How to gather Cloud Auth Connector debug logs for Web Security Service.

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Article ID: 166947

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Updated On:

Products

Web Security Service - WSS

Issue/Introduction

Web Security Service (WSS).

Auth Connector debug logs are required to troubleshoot specific situations. An example would be a scenario such as "Unauthenticated User" shown in reports.

The Auth Connector logs (BCCA logs) are a record of the agent's activity. This information is valuable for finding the root cause of a problem that is related to authentication or connectivity between the Auth Connector and the WSS.

These logs are important for the detailed insight they contain on the inner workings of BCCA. Alternatively, you can configure the reporting of live debug events to have a preliminary view of authentication and debug events. However, these are not as complete, and quickly populate your Event Viewer log. Only use live debug for live troubleshooting sessions.

ACLogon not connecting.

 

Resolution

1. STOP the BCCA service.
 
In the directory: C:\Program Files\Blue Coat Systems\BCCA 
...(where the "bcca.exe" file resides)... 
 
2. DELETE logs named: 
(You might not have some of these)
 
bcca-xxxx.log 
debug_dcq_primary_full.sso 
debug_dcq_primary_inc.sso 
dcq_primary_full.sso 
dcq_primary_inc.sso 
 
3. Enable DEBUG logging for both BCCA and SSO: 
 
Edit the BCCA.ini file and add or enable the following lines: 
 
[Debug]
DebugLevel=0xFFFFFFFF
 
It will look like this in the log file.
 
 
Edit the SSO.ini file and add or enable the following line: 
 
3.1 For DCQ:
 
[DCQSetup]
DCQDebug=1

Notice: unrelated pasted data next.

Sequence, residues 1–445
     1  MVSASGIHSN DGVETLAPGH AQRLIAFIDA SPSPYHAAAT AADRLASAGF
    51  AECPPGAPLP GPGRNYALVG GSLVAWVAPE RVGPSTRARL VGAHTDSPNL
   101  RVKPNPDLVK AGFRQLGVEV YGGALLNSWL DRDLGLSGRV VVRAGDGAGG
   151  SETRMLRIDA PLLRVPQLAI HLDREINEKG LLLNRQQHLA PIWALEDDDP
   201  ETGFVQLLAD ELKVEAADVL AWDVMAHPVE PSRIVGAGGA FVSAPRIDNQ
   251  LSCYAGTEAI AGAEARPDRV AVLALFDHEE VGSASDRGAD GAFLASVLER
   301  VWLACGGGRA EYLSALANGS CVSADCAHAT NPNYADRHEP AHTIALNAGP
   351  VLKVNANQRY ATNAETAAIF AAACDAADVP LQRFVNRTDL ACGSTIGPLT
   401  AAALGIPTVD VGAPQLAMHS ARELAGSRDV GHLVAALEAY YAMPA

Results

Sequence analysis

It will look like this in the log file.
 
 
3.2 For ACLogon:
 
[CLSetup]
CLDebug=1
 
It will look like this in the log file.
 
 
4. RESTART the BCCA service.
 
5. Let service run for 20+ minutes...then STOP the BCCA service.
 
NOTE: During this 20-minute time, do the following:  
  • With a SPECIFIC USER, map a drive to the AD server running the AuthConnector.
  • At minute 5, hit a blocked page and click "More" (to see if the user is "Unauthenticated").
User-added image
User-added image
 
  • At minute 20, hit a blocked page (with the SAME USER). Is the user authenticated now?
Be sure to record the USERNAME and IP address of the workstation here (send this info to Support).
 
6. Collect the following logs, and send to Support: 
 
bcca-xxxx.log 
debug_dcq_primary_full.sso 
debug_dcq_primary_inc.sso 
bcca.ini 
sso.ini 
 
...but NOT these logs (don't collect the following; these are binary logs): 
dcq_primary_full.sso 
dcq_primary_inc.sso 
 
7. Disable the debug settings above, and restart BCCA.
 
 

Live debugging guide:

  1. Stop the BCCA Service, named Symantec WSS Client Authenticator.
  2. Edit the bcca.ini file, and edit it as follows:
    • Before: 'LogEventMask=1'
    • After: 'LogEventMask=3'
      • This will make it so authentication events, and debug events are logged into the server's event viewer.
  3. Start the service again.
    • This will start logging of most, but not all, the errors you see on a common debug log.
  4. After troubleshooting is over, revert the changes, otherwise you risk consuming disk space on now-useless logs.

Now that we have enabled the live debug, we can go to the event viewer to check for useful events.

Under Windows Logs > Security, we may find logon events such as the one displayed here. The subject is our BCCA user name (such as CONTOSO\srv.bluecoat). And the new logon is our user authenticating (such as CONTOSO\pam.receptionist).

You may choose to search for a particular user name and see if the logon was captured under the service's user name. Searching for CONTOSO\ladmin would yield us a record very similar to this one.

Events such as these will be visible at Windows logs > Application, you can use the event viewer to diagnose them as you go.

These logs are no substitute for the real debug logs. They are helpful if you are working on a WebEx or have limited time to work on a server.

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